The Best (and Worst) Parts of Starting a Pet Grooming Business

Dog being groomed with a comb
Gary Ombler / Dorling Kindersley / Getty Images

Grooming is a common luxury service animal owners seek for their pets. Many pet owners simply don't have the time, ability, or desire to groom their pets themselves, so they seek out professionals with the training to do so.

This creates an excellent opportunity for the experienced pet groomer who loves animals and wants to create a small business polishing fellow pet owners' animals.

Earnings for such a career can vary based on location and demand, but pay mostly is on the lower end of the scale. The U.S. Bureau of Labor Statistics folds groomers into a broader category that includes other animal care workers. The median salary for animal care workers in the retail industry, which includes groomers, was between $23,000 and $24,000 as of May 2017. The top 10 percent of earners in this category can be estimated to make more than $36,000 annually while the lowest 10 percent earn less than about $18,000.

There also is a demand for professionals in the industry. According to BLS, the number of jobs for animal care workers is expected to grow by about 20 percent during the decade from 2016 through 2026. This compares favorably to the average of 7 percent growth for all industries as a whole.

The Pros

While the money might not be the greatest, there still are many benefits to owning and operating a pet-grooming business.

  • You can turn your love of animals into a business. If dogs, cats, and other household pets are a passion for you, and you have the proper training or are willing to invest in getting it, this is a great way to earn money doing what you love. Pets are viewed as family members by many of their owners, so those pet owners are looking for fellow pet lovers who will handle four-legged friends with the care you can provide.
  • Pet grooming affords multiple options for where and how to run your business. You can operate out of your own home if you have the space or out of a storefront. You can run a mobile business using a van or trailer equipped with grooming supplies and equipment. You also can partner with other pet-oriented businesses or nonprofits such as stores, kennels, rescue operations, veterinarians, or more, by renting space from them at their locations. Multiple combinations of these options also are available.
  • The many options that exist for operating a pet-grooming business also are present for marketing and building a client base. By establishing a cooperative relationship with other pet-oriented businesses in your community, you can fill a niche in the community, find potential clients, and make it easy for potential clients to find you. For example, a kennel in your community might not offer grooming services, allowing you to reach that kennel's clients. To reciprocate, you can refer clients to that kennel.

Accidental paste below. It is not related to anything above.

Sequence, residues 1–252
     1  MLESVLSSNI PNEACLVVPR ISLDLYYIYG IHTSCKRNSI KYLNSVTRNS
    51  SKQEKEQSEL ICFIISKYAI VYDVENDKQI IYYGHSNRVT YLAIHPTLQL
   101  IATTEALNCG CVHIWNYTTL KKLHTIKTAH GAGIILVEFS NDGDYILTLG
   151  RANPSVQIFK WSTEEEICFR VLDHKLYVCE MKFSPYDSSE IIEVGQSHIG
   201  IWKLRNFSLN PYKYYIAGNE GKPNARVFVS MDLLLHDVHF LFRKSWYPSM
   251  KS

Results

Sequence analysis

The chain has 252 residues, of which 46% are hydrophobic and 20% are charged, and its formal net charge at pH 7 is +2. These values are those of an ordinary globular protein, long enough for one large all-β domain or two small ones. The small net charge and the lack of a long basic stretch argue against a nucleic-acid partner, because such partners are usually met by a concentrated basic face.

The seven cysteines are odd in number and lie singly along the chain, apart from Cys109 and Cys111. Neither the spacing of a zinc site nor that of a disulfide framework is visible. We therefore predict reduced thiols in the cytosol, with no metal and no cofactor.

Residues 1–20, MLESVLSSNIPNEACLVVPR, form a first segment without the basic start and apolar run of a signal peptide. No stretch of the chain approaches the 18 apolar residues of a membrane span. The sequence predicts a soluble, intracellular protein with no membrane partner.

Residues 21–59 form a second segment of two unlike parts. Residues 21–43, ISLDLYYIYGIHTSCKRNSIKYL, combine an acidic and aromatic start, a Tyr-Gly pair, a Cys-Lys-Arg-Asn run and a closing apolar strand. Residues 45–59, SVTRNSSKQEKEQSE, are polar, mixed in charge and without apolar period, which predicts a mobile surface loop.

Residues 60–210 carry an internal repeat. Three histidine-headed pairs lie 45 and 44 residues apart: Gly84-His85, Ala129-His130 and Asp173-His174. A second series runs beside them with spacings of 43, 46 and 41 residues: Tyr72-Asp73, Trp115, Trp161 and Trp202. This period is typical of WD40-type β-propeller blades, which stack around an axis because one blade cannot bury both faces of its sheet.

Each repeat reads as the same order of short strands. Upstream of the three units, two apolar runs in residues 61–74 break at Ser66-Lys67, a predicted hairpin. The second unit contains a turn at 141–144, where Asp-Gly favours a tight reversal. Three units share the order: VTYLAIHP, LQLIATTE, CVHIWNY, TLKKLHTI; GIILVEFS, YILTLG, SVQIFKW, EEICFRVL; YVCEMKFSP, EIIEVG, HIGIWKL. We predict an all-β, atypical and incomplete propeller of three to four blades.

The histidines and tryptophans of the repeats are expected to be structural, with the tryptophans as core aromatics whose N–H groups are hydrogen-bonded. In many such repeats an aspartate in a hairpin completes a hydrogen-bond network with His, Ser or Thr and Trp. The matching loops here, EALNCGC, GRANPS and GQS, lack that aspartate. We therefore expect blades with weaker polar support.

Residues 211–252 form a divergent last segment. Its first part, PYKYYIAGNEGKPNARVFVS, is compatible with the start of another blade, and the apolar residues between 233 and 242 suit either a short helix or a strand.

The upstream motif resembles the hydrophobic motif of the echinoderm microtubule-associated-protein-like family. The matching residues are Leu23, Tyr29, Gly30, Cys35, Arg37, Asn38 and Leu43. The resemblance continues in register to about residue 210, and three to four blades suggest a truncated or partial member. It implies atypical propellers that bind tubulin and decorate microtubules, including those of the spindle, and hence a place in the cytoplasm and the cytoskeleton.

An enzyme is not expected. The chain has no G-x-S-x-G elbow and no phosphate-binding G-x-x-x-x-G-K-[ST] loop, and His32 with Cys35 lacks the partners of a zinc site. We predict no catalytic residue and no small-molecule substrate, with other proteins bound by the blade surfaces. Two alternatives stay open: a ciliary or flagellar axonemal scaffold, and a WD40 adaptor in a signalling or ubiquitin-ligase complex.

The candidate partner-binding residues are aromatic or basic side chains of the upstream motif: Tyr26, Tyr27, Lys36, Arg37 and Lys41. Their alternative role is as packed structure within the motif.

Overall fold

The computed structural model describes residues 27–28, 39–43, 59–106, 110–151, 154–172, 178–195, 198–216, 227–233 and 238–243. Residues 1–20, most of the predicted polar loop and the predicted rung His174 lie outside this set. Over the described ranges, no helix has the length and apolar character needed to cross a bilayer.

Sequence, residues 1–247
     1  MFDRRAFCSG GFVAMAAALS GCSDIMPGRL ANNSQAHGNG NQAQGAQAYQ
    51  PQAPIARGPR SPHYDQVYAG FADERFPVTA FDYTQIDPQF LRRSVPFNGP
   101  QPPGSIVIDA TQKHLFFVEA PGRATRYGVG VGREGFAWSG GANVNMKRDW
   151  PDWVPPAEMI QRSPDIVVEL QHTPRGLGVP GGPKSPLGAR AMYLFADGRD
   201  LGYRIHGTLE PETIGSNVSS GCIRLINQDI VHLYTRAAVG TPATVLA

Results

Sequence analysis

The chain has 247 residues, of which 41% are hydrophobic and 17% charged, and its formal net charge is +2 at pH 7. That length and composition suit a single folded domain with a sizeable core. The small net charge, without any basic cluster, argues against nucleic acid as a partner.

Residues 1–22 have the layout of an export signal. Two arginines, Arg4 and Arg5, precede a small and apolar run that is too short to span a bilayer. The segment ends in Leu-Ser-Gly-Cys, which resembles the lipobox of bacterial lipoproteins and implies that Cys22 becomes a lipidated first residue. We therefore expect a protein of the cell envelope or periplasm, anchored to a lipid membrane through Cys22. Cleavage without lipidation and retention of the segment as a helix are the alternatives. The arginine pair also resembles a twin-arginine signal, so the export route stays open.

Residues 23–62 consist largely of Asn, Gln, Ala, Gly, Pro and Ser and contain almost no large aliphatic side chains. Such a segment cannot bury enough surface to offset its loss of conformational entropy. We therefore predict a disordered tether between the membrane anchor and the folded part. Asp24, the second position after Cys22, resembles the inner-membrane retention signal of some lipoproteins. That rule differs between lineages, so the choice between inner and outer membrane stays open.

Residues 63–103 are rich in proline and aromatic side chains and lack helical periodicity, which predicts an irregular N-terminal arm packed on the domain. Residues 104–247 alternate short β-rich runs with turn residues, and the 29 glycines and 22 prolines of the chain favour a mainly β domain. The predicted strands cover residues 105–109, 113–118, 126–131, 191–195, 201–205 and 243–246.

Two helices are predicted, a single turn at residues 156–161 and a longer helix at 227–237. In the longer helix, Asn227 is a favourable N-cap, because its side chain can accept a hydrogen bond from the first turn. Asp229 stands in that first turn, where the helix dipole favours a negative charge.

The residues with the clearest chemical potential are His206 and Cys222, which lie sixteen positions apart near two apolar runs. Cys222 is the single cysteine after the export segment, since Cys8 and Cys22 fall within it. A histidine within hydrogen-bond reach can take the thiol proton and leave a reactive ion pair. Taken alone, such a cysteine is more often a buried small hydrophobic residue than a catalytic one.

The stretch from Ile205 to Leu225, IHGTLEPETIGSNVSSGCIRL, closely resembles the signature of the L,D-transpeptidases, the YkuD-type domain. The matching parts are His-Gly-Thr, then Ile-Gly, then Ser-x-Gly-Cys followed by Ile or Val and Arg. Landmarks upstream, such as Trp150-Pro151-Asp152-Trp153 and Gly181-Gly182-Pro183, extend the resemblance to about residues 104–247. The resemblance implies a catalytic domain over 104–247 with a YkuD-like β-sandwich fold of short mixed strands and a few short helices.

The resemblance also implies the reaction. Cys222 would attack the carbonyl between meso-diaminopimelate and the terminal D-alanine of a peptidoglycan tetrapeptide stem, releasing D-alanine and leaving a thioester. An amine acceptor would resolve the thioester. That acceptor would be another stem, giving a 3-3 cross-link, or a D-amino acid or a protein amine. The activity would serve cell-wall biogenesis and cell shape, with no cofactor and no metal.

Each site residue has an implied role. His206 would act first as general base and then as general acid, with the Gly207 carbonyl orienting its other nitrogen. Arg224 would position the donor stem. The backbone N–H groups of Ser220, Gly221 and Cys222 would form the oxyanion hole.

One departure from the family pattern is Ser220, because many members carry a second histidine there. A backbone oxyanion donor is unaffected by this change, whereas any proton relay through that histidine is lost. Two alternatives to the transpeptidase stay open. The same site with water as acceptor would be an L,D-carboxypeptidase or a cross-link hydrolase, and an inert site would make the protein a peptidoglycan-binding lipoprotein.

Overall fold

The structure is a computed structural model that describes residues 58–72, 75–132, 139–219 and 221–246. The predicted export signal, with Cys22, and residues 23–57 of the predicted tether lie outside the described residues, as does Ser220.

• These multiple options also provide you with an opportunity to expand your business. Because you have the training necessary to work with various breeds and temperaments, you can translate that into additional services such as pet sitting, dog walking, or even opening a kennel if you have space.

The Cons

Being an animal lover is not enough to be successful as a pet groomer. The career comes with its share of challenges.

  • Startup costs can be expensive. To be successful as a professional pet groomer, high-quality supplies sufficient for breeds of all sizes need to be purchased and maintained. Some items, such as tables and bathtubs, can run well into the hundreds or even thousands of dollars. High-end tubs large enough to handle most breeds are likely to cost close to $2,000 or more when adding accessories. If you plan to run a mobile business out of a van, the cost of the vehicle, plus the conversion, can cost more than $100,000 depending on the amenities included. Trailers can be outfitted for less than half of that, and used vans are available as well.
  • More than just a love of animals is needed. You have to have enough knowledge and experience to handle multiple pets, breeds, and animal temperaments, not to mention the requisite grooming skills. While some dogs are highly trained and will do well with grooming, others will resist, meaning you are the one who has to be highly trained to deal with them. While not required, certification through groups like the National Dog Groomers Association of America can help you with training and marketing your knowledge and experience.
  • You will need insurance to protect yourself from liability. If a pet is injured while in your care, or if it somehow manages to escape your business location and runs off, you can be sued for negligence. Insurance costs can vary widely depending on location, the extent of services you provide and the coverage and deductible options you select. As of 2019, Pet Care Insurance quotes $168 annually for a basic policy that covers groomers. This is the minimum you should expect to pay.